Oracle Express Data Load 2
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Review: Oracle Express is loaded with Wordweb database
Feature: This migration proved challenging with many strings, and CLOBs problematical

This is the second data loading task presented to OracleXE and the rest of our "free" databases - MySQL 5 and DB2 Express C Viper Edition. In this case we concentrate on loading the Wordweb database . Wordweb is a database of over 170 thousand words of the English language. It has additional tables providing synonyms and antonyms plus word types and definitions. The devil in the Wordweb database are the varying length text fields many of which are stored as CLOBs - Character Large OBjects. Several of those CLOB fields contain single quotes and double quotes as data. This is one detail that makes loading up the Wordweb database tricky to say the least. But helping us is the fact that I have the WordWeb database in two formats - text files laid out in CSV-Comma Separated Values and also in a MySQL database.

One of the advantages of working with Oracle is that there is so much software and utilities available from Oracle and third parties supporting the Oracle databases - it is almost embarrassing. For example, Quest has available TOAD for Oracle a free general browsing and database support utility. Oracle itself has the venerable SQL Plus now in HTML as well as command line mode of operation. And within the last two years, SQL Developer, an Oracle Java app that runs on several platforms has been made available. SQL Developer now even supports browsing into any JDBC database which, given the JDBC-ODBC bridge, means just about any database.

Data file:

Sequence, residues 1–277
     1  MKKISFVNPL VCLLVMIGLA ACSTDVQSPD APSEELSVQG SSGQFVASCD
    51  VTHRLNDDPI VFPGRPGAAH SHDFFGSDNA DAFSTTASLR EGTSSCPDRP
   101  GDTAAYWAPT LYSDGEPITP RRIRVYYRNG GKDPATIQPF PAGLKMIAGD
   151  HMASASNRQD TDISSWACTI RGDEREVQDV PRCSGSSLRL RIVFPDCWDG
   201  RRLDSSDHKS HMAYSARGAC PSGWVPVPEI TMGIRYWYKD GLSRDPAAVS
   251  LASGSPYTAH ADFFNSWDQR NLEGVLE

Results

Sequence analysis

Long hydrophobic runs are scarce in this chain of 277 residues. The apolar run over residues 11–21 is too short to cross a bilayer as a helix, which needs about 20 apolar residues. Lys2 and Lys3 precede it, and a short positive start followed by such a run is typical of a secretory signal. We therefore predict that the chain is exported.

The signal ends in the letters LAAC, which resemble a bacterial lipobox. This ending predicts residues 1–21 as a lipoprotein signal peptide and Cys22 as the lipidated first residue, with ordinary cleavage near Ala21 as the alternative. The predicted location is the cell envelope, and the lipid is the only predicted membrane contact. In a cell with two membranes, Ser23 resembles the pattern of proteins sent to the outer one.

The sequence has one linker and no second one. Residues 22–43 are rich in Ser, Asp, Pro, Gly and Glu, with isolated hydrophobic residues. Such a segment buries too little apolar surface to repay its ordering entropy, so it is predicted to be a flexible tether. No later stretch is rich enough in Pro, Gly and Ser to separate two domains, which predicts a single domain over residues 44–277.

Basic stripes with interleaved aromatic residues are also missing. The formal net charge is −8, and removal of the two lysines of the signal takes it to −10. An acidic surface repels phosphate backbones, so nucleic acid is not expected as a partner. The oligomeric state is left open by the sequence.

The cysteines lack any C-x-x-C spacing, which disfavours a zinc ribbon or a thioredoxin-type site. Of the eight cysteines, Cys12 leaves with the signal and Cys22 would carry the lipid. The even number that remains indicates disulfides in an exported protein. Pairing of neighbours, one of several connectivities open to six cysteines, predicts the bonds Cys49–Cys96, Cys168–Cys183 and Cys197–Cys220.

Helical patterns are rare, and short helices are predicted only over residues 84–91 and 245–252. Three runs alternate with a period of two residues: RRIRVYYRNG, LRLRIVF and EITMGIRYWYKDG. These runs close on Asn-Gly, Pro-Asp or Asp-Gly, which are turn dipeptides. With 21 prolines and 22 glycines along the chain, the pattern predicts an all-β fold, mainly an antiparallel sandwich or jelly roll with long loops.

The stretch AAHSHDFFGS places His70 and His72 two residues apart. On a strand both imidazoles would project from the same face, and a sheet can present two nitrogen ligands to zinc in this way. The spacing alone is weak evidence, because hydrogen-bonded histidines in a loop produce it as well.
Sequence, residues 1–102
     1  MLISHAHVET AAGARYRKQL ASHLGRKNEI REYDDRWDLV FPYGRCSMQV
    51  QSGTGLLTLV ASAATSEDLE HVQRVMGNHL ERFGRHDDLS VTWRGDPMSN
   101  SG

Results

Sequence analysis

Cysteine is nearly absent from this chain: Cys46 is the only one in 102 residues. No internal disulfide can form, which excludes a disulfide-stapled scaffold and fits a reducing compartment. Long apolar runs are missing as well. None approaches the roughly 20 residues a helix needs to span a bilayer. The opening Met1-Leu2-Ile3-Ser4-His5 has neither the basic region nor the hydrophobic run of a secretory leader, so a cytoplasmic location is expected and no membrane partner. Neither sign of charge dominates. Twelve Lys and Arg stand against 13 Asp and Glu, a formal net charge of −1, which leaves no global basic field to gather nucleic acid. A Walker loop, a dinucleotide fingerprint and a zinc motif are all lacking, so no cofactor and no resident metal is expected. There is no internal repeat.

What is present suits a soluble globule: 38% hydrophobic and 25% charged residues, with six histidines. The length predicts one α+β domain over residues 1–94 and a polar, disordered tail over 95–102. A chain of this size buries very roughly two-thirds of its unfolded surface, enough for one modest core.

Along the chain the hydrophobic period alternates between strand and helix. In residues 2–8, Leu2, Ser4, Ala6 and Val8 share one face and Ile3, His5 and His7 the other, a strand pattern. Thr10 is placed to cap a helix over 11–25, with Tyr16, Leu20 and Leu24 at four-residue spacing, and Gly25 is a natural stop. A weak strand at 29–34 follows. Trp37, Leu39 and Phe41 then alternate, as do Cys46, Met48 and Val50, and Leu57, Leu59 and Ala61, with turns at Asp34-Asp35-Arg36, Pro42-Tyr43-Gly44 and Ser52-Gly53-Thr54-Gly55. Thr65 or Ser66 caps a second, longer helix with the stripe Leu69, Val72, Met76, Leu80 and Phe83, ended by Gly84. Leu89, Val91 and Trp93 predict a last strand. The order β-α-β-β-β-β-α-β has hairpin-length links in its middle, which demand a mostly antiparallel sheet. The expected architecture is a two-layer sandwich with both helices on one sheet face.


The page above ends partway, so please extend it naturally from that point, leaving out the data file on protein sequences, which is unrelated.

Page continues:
However, SQL Developer does not support managing triggers, indexes, keys, constraints, and stored sdd
stored procedures for other than Oracle databases. Also as we can see from the screenshot, SQL Developer only imports from Excel files. Given that SQL Developer exports to CSV, Text, HTML, XML, Excel, and Loader formats with a fairly robust Export dialog to support that - we were surprised that there was so little support on the Import side. And so we had to look elsewhere. This becomes an important issue later. I also checked Oracle JDeveloper but again it does not have any data import facility.

There are dozens of 3rd party converters and transfer utilities and one of the best for price performance I found is the Intelligent Converters. For $99 you get a package of wizards that do the transfer between a broad range of servers and Oracle via the help of a Transfer dialog. I ran the demo versions and though they were restricted to only 5 records - the demos did convert all 12 MySQL tables to Oracle, including some tricky datatype conversions, with no problems. On the data side the demo only wrote 5 records and none of those involved any of the problems with CLOBs, dates and strings with embedded double quotes and single quotes which confounded MySQL and Rapid SQL. So I cannot confirm that the Intelligent Converters would do the data transfers with no problems. But these Intelligent Converters turned out to be vital in our conversions because we used the data schema and then filled the tables as described below.

The Express Data Load Problem

Well users might as well take a look at the problem just as I saw it: